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Estimating seed production of three Setaria species in row crops

  • Frank Forcella, Nathalie Colbach (a1) and George O. Kegode (a2)


Seed production of weedy species of Setaria in crops of Zea mays and Glycine max was studied for 2 yr in western Minnesota and eastern South Dakota. Viable seed production was curvilinearly related to panicle length. A 100-mm-long panicle of S. pumila, S. faberi, and S. viridis produced 129, 323, and 851 viable seeds, respectively. Values were consistent across years, crops, and herbicide treatments. Frequency distributions of panicle lengths of all panicles within a population closely followed nonlinear Weibull functions and were stable across years and crops but not species or herbicide treatment. Positive skewness of these distributions decreased, and median panicle size (mm) increased, in the following order: S. viridis (41), S. pumila (52), and S. faberi (78). Postemergence herbicides applied at full label rates increased skewness and reduced median panicle size (to 11 mm) and seed production of S. viridis. Skewness lessens the reliability of using average panicle size as a measure of seed production for the entire population. However, integration of panicle size–frequency and panicle size–fecundity relationships provided estimates of the number of seeds per panicle that were more representative of the population than the statistical average panicle. These estimates were 52, 242, and 246 seeds per panicle for S. pumila, S. viridis, and S. faberi, respectively. Multiplication of these values by panicle densities generated seed production estimates that were similar to actual counts of seeds. Setaria seed production tended to be higher in Z. mays than in G. max only because of higher plant and panicle densities. Early-maturing panicles tended to be larger than those maturing later, but seed viability generally was stable across maturity times.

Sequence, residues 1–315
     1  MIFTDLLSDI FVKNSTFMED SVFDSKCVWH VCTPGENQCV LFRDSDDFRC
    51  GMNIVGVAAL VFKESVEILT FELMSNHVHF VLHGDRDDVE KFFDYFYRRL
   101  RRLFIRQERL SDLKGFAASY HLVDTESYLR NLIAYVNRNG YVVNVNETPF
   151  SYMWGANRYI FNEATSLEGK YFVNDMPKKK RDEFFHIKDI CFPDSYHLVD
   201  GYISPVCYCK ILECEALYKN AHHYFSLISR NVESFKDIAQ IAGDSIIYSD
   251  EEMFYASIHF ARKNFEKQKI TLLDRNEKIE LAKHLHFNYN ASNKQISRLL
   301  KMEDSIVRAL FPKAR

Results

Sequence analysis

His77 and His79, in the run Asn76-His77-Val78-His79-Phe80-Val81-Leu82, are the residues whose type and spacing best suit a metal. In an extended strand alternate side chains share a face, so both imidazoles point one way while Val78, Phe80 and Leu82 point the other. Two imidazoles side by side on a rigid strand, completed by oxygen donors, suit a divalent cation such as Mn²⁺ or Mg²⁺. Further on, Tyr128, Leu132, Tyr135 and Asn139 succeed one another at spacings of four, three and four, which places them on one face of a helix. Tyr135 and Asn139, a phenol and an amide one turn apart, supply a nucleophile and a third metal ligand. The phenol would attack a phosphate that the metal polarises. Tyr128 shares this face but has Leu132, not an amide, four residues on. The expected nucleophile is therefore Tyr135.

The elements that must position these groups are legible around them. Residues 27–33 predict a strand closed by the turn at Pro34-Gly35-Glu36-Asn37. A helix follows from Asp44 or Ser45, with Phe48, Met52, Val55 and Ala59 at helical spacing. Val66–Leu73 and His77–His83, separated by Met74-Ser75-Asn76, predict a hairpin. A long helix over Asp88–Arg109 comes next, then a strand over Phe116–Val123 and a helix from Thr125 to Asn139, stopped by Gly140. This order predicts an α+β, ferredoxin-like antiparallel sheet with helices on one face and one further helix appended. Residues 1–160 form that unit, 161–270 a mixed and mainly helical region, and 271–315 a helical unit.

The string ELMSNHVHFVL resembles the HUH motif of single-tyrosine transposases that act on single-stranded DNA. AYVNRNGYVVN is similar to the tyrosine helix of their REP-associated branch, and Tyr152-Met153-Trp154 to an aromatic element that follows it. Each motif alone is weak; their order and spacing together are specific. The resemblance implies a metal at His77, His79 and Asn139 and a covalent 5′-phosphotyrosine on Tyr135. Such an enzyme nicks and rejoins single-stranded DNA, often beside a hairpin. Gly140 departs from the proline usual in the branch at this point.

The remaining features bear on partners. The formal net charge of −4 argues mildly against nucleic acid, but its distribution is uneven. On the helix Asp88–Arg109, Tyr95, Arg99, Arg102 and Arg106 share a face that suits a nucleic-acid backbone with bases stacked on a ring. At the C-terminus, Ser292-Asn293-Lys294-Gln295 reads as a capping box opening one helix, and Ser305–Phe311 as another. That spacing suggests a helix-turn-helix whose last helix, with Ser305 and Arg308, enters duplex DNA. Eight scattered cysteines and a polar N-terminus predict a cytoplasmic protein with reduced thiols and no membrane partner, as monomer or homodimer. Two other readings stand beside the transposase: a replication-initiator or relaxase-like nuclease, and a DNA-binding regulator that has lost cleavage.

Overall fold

Corresponding author

Corresponding author. North Central Soil Conservation Research Laboratory, Agricultural Research Service, U.S. Department of Agriculture, 803 Iowa Avenue, Morris, MN 56267;


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Present address: Department of Plant Sciences, North Dakota State University, Fargo, ND 58101



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